The iLoud possesses attributes traditionally associated with HIFI equipment: a solidity of build and also a sonic accuracy when reproducing recordings. There is no hint of coloring or imbalance across many genres of my personal music collection which includes reggae, jazz, and rock. Because of its neutral sound-signature, the iLoud fulfilled its purpose with standard 16-bit/320kbps files were played through it. Eric Rachmany’s vocals came through clearly as did the trumpet on Rebelution's "Change Up The System" on Bright Side Of Life. There was also decent separation between Michah Pueschel’s voice in “Stay Awake” on Iration's 'Hotting Up' in and the accompanying chorus and the speaker demonstrated a fine sense of musicality in its timing with regard to the drum part which provided the necessary backbeat, as it should, yet didn't denigrate the vocal sections. P.O.D.'s "Strength Of My Life"(acoustic) from 'SoCal Sessions' achieves the same feat-although drums are prominent in the mix, vocals are intelligible and shine through. The same could be said of Mark Isham's instrumentals in Brian Wilson’s “Half Moon Bay” on 'No Pier Pressure," streamed on Tidal. Then, Lana Del Ray's "Cruel World" from 'Ultraviolence' envelopes the listener with a buzzy surf-rock opening and room encompassing vocals which position the iLoud at it's most capable: between its non-resonant cabinet enclosure and this genre of music, Lana's voice is the most ambient and cavernous of all of the demo tracks included in this sample.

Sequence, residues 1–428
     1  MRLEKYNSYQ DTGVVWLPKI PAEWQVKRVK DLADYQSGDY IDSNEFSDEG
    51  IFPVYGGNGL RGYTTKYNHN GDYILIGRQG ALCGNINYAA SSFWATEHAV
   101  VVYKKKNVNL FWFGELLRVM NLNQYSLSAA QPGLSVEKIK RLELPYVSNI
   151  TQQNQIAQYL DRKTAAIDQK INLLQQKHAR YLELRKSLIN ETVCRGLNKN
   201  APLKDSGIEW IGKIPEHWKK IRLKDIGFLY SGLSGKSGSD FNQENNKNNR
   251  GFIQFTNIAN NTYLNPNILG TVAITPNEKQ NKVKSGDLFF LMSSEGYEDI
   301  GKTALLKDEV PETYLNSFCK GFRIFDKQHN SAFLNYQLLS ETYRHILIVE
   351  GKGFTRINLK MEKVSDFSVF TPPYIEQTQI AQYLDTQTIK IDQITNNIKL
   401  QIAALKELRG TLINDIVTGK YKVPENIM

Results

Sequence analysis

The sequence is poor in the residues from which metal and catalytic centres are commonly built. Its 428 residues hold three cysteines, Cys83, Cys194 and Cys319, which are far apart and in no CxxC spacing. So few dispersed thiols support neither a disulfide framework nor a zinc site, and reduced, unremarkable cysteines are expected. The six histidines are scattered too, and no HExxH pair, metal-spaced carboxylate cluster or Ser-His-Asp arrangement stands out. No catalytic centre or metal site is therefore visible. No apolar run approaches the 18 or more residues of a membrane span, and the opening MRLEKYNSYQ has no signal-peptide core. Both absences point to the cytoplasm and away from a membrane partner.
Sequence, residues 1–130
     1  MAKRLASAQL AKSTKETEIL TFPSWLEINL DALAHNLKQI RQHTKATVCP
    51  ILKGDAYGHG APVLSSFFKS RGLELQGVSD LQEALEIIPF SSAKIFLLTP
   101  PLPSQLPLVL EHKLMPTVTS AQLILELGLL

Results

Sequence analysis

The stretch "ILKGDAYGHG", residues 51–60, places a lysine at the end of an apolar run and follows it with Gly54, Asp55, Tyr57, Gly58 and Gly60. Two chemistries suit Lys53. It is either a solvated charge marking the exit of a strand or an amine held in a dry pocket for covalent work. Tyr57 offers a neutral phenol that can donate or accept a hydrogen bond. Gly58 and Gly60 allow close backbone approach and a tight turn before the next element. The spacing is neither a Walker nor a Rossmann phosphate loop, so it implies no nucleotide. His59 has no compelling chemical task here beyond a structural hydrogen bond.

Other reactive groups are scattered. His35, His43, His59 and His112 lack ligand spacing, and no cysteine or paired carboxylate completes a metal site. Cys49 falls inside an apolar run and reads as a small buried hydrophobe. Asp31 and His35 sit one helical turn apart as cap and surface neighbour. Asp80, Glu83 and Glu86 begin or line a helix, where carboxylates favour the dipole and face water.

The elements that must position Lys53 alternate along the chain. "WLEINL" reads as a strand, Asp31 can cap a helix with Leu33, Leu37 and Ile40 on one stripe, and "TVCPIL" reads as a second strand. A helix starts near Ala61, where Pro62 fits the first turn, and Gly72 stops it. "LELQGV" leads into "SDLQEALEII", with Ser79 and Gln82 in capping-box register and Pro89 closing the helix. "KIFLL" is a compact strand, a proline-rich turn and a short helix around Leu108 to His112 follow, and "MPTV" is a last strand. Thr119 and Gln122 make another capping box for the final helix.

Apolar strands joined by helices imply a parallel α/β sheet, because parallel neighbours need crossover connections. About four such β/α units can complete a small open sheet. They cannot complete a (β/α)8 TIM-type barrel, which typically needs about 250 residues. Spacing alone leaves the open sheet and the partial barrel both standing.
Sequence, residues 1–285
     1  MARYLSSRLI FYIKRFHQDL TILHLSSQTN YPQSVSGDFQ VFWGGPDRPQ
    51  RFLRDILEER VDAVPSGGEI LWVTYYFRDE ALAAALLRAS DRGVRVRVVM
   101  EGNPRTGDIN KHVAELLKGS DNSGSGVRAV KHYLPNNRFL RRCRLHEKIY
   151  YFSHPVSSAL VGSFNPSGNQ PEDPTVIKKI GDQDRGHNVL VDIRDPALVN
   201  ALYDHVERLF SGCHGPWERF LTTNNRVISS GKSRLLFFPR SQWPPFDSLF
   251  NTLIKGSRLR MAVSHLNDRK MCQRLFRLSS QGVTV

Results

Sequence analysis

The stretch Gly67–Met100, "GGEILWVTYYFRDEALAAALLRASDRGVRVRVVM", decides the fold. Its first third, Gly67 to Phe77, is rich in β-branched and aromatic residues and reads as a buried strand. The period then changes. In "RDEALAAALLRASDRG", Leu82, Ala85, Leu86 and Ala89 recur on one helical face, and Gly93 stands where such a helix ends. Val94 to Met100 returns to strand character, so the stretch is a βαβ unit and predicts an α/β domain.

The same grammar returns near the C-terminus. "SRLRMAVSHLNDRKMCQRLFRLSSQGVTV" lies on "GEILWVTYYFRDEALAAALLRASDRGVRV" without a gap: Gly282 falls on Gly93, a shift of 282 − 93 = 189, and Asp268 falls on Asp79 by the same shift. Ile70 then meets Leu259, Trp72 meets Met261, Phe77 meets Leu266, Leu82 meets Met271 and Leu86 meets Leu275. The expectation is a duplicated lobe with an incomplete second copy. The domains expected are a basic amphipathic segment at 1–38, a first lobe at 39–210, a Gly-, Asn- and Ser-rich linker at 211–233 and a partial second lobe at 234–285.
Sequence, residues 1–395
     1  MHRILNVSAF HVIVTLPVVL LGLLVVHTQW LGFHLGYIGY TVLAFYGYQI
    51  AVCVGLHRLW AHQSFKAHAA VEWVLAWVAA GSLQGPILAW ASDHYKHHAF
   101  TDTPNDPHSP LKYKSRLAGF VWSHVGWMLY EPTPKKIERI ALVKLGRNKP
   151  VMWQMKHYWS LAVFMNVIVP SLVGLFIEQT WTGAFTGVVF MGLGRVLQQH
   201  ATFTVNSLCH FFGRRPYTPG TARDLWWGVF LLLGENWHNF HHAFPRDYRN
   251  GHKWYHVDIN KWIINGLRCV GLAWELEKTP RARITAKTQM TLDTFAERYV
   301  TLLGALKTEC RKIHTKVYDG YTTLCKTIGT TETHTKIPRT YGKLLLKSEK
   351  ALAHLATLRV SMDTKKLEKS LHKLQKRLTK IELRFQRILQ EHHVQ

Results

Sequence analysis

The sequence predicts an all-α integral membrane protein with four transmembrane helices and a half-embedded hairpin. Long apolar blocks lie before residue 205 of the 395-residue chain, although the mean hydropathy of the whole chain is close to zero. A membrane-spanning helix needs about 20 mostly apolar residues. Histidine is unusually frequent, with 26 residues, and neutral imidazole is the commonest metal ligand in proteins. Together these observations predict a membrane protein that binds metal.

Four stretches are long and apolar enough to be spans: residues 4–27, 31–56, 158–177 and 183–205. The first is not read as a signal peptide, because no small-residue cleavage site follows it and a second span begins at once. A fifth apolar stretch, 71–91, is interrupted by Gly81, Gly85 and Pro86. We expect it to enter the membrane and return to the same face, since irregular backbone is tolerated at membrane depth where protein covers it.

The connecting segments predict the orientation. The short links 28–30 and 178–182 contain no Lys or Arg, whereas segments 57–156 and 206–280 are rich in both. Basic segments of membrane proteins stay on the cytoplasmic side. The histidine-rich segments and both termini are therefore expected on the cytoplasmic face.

The device's hiccup arrived when hi-res tracks were introduced. With Amy Winehouse's "Back To Black," in 96/24 from HDTracks.com, which includes bass guitar, drums, guitar, piano, tambourine, violin, viola, cello, alto sax, tenor sax, baritone sax, individual instruments weren't always distinguishable and the replication of each the instruments sometimes came at the expense of clouding the others. Then, in "Tears Dry On Their Own" Winehouse's vocals were on display, front-and-center without the healthy, balanced blend of accompaniment of baritone, tenor, and alto saxes, bass trumpet, and flugelhorn and background vocals that were supposed to exist.